The accidental landlord: be hands on to avoid big maintenance bills

The accidental landlord says she is far too picky - and much too stingy - to fall for those extortionate maintenance bills.
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Hallelujah! At last the boss of a property maintenance company has blown the whistle on letting agents, some of whom, in his words, are "burning the pockets of landlords" with rip-off charges.

Will Davies, of aspect.co.uk, says some agents "milk" landlords of properties they manage by demanding up to 20 per cent commission from any contractors they hire. Contractors then load this on to the landlords' bills.

Mr Davies implied that not all agents inform landlords of this practice and alleged that even if they do, it's sometimes tucked away in the small print of their terms of business. He admits aspect.co.uk used to work for agents who charged 15 per cent commission but stopped a few years ago following complaints from landlords — a decision that coincided with one agent allegedly raising its commission to 20 per cent.

Not all letting agents demand commission, says Mr Davies. He now only works with those that don't.

Regular readers of this column may remember that a year ago I wrote about the launch of The Happy Tenant Company, which promises landlords a "hassle-free" property management service. Crucially, it doesn't charge contractors commission, only passing on to landlords the true cost of any work carried out.

Throughout last year, at their request, I put The Happy Tenant team to the test, letting them manage my four-bedroom rental property. True to the company's word, it dealt promptly with three problems — a broken loo flush, faulty light fitting and two broken wall lights — and the charges, though not cheap, weren't excessive. Best of all, I didn't have to do anything.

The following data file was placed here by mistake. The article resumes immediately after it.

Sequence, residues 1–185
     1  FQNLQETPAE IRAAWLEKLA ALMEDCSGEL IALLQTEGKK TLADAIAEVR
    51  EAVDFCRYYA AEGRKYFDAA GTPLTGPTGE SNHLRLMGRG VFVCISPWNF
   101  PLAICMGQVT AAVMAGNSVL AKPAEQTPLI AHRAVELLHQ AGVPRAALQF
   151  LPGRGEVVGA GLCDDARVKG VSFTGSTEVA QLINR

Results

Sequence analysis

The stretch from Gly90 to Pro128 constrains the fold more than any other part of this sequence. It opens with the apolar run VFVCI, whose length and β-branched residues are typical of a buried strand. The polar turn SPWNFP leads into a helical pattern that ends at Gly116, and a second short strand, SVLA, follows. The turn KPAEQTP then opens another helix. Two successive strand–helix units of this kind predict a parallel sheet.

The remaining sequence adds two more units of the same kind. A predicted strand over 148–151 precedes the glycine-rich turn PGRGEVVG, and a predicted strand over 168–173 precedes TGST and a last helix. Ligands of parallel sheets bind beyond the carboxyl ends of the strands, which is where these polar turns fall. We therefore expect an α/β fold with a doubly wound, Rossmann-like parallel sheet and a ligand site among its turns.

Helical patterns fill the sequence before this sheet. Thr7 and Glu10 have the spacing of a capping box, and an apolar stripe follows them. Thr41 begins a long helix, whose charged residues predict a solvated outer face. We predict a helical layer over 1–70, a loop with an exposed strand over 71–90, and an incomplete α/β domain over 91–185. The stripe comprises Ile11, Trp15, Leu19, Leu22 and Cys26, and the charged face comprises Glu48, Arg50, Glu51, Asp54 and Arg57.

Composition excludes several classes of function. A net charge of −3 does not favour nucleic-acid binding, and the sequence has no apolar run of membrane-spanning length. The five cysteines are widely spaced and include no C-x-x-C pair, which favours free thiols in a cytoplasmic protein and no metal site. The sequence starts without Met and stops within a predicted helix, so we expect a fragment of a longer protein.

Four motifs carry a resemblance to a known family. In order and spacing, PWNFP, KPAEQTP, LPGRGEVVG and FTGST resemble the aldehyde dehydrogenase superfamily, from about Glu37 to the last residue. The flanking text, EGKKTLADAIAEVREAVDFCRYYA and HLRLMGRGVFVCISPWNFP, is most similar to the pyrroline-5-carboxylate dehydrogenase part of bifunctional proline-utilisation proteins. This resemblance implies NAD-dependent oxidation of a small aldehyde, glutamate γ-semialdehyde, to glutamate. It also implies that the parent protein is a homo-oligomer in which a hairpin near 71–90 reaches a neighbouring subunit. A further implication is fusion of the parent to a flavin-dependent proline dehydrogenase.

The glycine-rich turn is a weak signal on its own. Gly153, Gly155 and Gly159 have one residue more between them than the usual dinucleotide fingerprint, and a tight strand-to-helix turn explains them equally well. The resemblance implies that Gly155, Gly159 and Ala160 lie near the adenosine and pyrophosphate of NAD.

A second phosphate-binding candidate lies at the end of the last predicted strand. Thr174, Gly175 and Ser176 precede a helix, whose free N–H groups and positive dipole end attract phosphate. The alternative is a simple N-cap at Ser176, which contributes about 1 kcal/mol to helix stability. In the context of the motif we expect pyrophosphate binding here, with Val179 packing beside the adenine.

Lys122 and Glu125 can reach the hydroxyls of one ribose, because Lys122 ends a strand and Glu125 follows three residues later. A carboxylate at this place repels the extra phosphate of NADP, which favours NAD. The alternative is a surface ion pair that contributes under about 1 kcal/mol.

For a while, I was happy. However, I was peed off when I was charged £66 by a heating engineer to loosen the valve on a radiator. Given that the engineer was already at the flat carrying out the annual gas safety check (for which I paid another £66), and the second job shouldn't have taken more than 10 minutes, this was ridiculous.

When I queried the charge I was refunded £66, but I was concerned that The Happy Tenant had let it slip through in the first place. It also sent me a £354 estimate from a heating engineer to re-pressurise the boiler — a two-minute job — and replace a broken bath screen, which it was said was beyond repair but in fact simply required a new £13 hinge.

While I was relieved the company sought my approval before replacing the screen, I thought it ought to have sourced more than one quote. Of more concern to me was that it allowed the annual gas safety check to be carried out a week late, leaving me without a valid record, which is a legal requirement for all landlords.

Also, it gave me only 10 days' notice that my tenants were intending to leave at the end of their contract, which wasn't enough time to re-market the property. Following my feedback the company has hired a dedicated property systems manager to ensure no more slip-ups on things like gas safety inspections, and says it will monitor contractors more closely. With these better systems in place The Happy Tenant (the happytenant.co.uk) may prove to be a good option for landlords who can't manage their own properties, but this experiment has shown me that I'm way too picky (not to mention far too tight) to let anyone manage mine.

Victoria Whitlock lets three properties in south London. To contact Victoria with your ideas and views, tweet @vicwhitlock

       
  

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